Summer is flying by here at Reggie’s Motorworks. Bits of rust have also been flying by here at Reggie’s Motorworks! This week Reggie has been tackling some rust repair on one of our favorite customer’s son’s cars. First signs of rust were detected in the trunk…then under the passenger side rear quarter panel, up in the wheel well…and then a little more was found nearby. Reggie chipped away at the patches of rotten metal, smoothed out the edges, made patch panels, tacked them into place, threw some sparks with the welder, and before he knew it, they were ready for some self-etching primer and undercoating. Let’s get into the details, shall we?
This hole is straight up, and appears to have formed due to the bracket (for the fuel ventilation expansion tank) holding moisture.
This is a common one, right behind the right rear wheel:
This is the inside shot of the previous hole:
Here I’m cleaning the edges of the hole with a wire wheel mounted on a die grinder:
Now we can see fresh metal all around so we know that the repair will be strong and not contaminated:
Here’s another shot of the hole up top with some cleaning. Later I pulled the bracket down and cleaned (enlarged) the hole more.
This was a nice surprise, yet another hole. This one is in the base of the shock tower.
Yes, more cleaning:
This was the main event…..I didn’t realize it when I started, but it was a mess. This is where the fuel vapor lines come out of the pipe under the back seat. At first I thought it was just a couple of small holes, but then it turned out to be one giant hole. The pipe under the back seat was completely dissolved about 6 inches forward!
Another local customer/restorer/enthusiast loaned me this flanging tool/sheer (thanks, Russ!)
Test fitting a patch:
Here I’m rolling a flange in a patch to make it fit a bit better. I’m mainly doing this for my own practice/experience, as it’s probably not 100% necessary for a wheel well repair:
I am not making perfectly sized patch panels to weld in place. I would do this if I were doing work on the visible body, but since we’re just in the wheel well I’m taking it a bit easier and making over-sized patches that will overlap on the inside. I tacked the patch panel from the inside of the trunk to hold it in place, then welded around the perimeter of the hole in the wheel well. I do multiple tacks one on top of another to end up with a seamless seal from the outside. This way moisture will not creep in between my overlapped metal. Later, I will also seam-seal this area inside and out to further prevent new corrosion. I should also mention that between the wire wheel and the welding, I treated the metal with a rust converter/preventative solution.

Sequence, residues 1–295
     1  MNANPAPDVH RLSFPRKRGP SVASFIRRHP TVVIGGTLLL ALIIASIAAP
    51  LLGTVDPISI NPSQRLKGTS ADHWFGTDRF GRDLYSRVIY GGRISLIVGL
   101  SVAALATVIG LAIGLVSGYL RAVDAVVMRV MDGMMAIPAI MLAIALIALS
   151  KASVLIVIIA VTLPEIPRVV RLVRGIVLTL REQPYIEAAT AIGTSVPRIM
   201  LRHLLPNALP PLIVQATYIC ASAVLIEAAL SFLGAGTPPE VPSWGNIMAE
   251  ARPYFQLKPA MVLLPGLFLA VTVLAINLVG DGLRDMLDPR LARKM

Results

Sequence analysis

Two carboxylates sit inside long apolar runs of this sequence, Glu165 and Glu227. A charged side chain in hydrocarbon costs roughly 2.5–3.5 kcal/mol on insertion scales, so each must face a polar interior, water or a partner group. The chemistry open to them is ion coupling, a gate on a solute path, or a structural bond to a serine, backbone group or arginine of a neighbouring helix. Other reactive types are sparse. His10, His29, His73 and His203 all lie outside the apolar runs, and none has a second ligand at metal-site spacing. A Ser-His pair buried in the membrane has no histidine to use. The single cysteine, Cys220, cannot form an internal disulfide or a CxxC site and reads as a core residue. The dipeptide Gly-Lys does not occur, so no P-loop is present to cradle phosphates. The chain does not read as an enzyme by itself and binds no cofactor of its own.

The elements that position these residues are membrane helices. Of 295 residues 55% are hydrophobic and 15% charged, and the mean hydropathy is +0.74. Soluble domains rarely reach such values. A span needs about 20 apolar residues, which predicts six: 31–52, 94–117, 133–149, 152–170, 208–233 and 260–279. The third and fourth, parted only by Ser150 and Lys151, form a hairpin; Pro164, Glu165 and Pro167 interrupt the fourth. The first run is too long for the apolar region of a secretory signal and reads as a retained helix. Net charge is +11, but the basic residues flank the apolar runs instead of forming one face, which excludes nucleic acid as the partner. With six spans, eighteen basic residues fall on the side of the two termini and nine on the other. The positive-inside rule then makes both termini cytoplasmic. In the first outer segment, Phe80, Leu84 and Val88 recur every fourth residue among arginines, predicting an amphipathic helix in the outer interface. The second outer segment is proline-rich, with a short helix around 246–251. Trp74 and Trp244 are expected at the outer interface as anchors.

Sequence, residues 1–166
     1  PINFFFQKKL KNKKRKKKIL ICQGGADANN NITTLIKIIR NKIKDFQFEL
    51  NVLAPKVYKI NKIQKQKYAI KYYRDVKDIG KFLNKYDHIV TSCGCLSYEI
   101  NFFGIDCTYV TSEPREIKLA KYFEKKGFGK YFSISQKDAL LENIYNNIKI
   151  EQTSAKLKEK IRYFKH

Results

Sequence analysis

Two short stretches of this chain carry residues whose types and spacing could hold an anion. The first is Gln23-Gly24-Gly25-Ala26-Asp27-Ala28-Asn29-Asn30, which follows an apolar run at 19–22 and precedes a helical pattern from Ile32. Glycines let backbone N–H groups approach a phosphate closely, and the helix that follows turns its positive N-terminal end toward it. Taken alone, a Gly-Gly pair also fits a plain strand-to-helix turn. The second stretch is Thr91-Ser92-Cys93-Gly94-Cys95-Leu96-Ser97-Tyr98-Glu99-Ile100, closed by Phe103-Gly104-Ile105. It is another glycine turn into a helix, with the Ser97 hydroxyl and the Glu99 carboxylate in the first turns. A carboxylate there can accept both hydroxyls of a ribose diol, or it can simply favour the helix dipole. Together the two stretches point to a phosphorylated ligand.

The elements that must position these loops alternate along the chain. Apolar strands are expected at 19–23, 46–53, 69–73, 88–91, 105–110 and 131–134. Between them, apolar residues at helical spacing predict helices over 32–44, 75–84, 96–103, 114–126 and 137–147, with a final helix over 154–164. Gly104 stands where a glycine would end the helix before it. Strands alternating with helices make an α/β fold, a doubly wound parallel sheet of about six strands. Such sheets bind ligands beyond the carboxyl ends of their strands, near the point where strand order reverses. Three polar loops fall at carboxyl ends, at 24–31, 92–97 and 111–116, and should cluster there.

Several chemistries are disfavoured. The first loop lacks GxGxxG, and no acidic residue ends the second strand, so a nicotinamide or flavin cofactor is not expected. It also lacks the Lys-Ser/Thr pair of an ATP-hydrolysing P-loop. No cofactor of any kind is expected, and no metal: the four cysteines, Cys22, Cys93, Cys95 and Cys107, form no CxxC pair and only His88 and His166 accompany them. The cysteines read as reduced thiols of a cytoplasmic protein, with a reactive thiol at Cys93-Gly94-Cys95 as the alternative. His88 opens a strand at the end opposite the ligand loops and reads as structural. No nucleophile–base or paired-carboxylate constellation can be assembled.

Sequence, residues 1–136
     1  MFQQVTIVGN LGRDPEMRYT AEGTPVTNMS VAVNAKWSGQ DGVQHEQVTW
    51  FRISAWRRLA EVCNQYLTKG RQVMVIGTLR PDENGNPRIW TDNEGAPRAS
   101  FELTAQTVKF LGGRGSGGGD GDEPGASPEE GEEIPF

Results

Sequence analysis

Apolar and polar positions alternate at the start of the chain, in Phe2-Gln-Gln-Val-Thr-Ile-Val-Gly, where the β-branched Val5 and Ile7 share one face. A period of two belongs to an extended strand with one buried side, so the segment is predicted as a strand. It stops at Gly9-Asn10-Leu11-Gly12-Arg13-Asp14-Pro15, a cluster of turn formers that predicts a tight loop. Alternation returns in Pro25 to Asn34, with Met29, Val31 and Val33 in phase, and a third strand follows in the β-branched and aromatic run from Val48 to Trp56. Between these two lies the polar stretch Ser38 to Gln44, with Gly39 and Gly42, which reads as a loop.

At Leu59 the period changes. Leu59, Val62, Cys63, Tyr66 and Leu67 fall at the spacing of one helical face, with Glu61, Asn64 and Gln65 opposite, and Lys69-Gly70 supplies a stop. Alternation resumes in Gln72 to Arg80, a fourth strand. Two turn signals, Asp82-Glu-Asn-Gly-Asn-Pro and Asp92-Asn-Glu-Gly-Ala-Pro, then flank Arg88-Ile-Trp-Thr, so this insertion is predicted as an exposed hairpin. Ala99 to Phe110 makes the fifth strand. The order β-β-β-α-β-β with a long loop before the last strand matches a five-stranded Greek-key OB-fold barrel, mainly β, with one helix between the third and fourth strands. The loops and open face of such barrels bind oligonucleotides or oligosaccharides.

Here is the top hole after the welding from inside the wheel well:
Here is the finished rear wheel area:
Here I am using a socket as a dolly to for the hole where the pipe will come out into the front of the wheel well:
This is 1.5″ flexible exhaust tube that I will be using to repair/replace the factory metal tube in which the fuel vapor lines run (again, this is under the back seat):
I ended up shortening a breather tube from an M20 to use as a pass-through in the wheel well for the fuel vent lines. I will join this to what’s left of the factory pipe with the flexible exhaust tube. I tacked it in place, then welded patches around it to seal the inside from the outside:
The finished product in bare metal:
The flexible exhaust tube in its new home:
The fuel vent lines coming from their new channel:
I coated all of the bare metal with self-etching primer after a thorough cleaning:
Next I smeared seam sealer over everything. This may be a bit messy, but it should hopefully prevent moisture penetration in the future. I do try not to leave any large clumps that may actually gather moisture later on down the road:
After the seam sealer cured, undercoating was applied to finish the job, while a coat of cheap rattle can red paint sealed off the areas inside the trunk.
Now everything just has to be put back together!
Until next week…Have a great weekend!